Talent Intelligence and the Power of Data
Human Capital Intelligence through data analytics holds the potential to transform recruiting as we know it. In fact, I founded Intellerati determined to harness the power of computer-assisted research for competitive advantage.
I had seen what analytics could achieve in my previous career as an award-winning investigative journalist. My analytics ah-hah moment came when I learned about the work of investigative reporter Bill Dedman in an investigation published by The Atlanta Journal and Constitution entitled “The Color of Money”. Mr. Dedman’s reporting was so ground-breaking, it received journalism’s highest honor, the Pulitzer Prize. The thing that amazed me then — and still blows my mind — is that Dedman figured out a way to prove what had never been proven before.
lending Redlining and Racial Discrimination
Before that series, reporters could never prove that lending institutions in Atlanta were racially discriminating against prospective borrowers. Lenders would refuse to lend money or extend credit to borrowers in an illegal practice known as redlining as if they’d drawn a red line around areas more populated by racial minorities. People living inside the red-lined areas would be denied credit or charged exorbitant interest rates.
Before Dedman’s investigative series, all one could do was offer up anecdotal evidence, such as interviews with African Americans with excellent credit and high income, who were inexplicably denied a loan. Watchdogs would even send in financially identical test couples to apply for a mortgage, one of the couples was white, the other was not white. Inevitably, the caucasian couple would emerge with a decent mortgage, while the non-white couple would be denied a loan. However, whenever watchdogs confronted the lender with anecdotal evidence, the banks would insist they were equal opportunity lenders and that a rogue lending officer was to blame. Time and again, the lenders would wiggle out of accountability for discriminatory lending practices. That was until “The Color of Money”.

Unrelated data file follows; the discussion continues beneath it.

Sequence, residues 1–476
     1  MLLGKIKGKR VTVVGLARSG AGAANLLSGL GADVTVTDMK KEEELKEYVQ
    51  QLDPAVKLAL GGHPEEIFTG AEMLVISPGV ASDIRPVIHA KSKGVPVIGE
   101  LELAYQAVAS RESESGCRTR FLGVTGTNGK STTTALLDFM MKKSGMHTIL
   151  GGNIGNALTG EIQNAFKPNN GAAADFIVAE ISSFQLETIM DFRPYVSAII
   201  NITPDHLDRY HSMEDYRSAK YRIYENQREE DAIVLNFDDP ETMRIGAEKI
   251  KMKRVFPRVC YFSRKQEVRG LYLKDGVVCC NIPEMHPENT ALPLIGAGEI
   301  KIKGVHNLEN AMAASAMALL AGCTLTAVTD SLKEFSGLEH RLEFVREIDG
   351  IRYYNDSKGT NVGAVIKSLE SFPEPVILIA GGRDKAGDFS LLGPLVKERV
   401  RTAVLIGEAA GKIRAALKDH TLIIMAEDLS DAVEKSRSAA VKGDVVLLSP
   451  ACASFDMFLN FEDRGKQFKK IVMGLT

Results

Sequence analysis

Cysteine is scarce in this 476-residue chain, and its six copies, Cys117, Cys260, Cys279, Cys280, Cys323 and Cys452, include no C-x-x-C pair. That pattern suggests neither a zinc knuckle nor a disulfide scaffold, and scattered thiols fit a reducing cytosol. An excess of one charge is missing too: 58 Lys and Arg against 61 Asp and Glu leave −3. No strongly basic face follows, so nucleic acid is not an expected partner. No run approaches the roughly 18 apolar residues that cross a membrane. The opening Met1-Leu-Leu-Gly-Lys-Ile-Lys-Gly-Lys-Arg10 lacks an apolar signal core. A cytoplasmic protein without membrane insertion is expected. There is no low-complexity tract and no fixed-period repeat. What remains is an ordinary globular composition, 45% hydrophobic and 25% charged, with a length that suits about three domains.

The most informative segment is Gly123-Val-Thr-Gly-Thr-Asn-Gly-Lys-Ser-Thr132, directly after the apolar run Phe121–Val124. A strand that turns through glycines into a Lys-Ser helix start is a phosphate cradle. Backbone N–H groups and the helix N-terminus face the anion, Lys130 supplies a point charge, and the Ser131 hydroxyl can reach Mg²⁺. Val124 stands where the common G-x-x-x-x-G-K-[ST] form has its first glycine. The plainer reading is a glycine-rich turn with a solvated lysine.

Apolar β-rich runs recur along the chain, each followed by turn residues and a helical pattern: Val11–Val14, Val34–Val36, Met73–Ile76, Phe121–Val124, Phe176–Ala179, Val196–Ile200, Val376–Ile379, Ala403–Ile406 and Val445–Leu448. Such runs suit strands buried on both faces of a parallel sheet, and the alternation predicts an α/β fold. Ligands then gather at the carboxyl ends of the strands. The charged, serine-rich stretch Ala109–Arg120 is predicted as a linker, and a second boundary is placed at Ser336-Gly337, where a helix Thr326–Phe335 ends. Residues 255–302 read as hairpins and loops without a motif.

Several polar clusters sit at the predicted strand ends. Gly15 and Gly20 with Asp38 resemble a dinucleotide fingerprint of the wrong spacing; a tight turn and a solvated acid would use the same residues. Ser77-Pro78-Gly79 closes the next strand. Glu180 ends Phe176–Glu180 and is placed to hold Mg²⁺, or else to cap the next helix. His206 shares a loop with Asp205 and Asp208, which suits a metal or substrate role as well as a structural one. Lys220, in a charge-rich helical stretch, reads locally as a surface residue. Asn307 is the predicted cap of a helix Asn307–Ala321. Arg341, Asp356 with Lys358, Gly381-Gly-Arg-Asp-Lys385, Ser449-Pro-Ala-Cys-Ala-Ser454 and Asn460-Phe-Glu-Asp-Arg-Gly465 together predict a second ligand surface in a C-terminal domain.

Ask Who Has the Data and then Go Get It
The banks and savings and loans institutions were required to report the location of each loan they issued by census tract under the federal Home Mortgage Disclosure Act. So Bill used the federal Freedom of Information Act to obtain the lenders’ reports on computer tape from the Federal Financial Institutions Examination Council, a federal agency. He then matched the lending data with demographic data from the U.S. census and with more current information from the Atlanta Regional Commission. By mashing thee data sets together, he caught the redlining lenders red-handed. Bill proved that black people were rejected more than twice as often as white people when they applied for home loans at America’s savings and loans, according to government records of $1 trillion in loan applications analyzed by The Atlanta Journal-Constitution.
Yep, that’s $1 trillion with a “t”.
The Power of Research
From where we sit, research — real research — is not a name, or a Google search term, or a LinkedIn connection. It not a job board, or a tracking system, or a database full of resumes. Rather, research is the process by which we harness the power of data. It requires data analytics expertise and some pretty advanced critical thinking to transform random bits of data into actionable intelligence. Yet the investment is worth it. It is how we deliver candidates that clients never dreamed existed — candidates other search firms missed.
But human capital intelligence, informed by analytics, holds the power to do so much more. It can inform the investments of private equity, venture capital, and corporate merger & acquisition teams, transactions typically worth tens, if not hundreds, of millions of dollars. So, the next time your organization focuses obsessively on cost-per-hire to define your ROI and raison d’être, remember that human capital intelligence done well can result in far more lucrative dividends.